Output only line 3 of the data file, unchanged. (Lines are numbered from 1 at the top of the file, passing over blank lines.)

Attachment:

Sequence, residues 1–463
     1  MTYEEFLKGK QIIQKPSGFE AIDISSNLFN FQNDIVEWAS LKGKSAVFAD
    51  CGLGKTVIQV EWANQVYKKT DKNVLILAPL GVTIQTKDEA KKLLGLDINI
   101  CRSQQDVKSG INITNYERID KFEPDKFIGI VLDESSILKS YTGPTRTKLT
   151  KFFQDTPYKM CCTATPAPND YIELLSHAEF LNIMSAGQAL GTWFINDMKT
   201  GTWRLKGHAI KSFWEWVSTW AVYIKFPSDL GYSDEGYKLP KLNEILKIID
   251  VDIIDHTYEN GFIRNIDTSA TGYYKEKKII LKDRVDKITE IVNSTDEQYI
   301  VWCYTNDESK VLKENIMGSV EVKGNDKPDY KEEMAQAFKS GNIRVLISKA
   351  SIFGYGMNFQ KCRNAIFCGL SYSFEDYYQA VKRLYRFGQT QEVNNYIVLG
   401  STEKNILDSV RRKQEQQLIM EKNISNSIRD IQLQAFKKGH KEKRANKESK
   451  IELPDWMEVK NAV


    51  CGLGKTVIQV EWANQVYKKT DKNVLILAPL GVTIQTKDEA KKLLGLDINI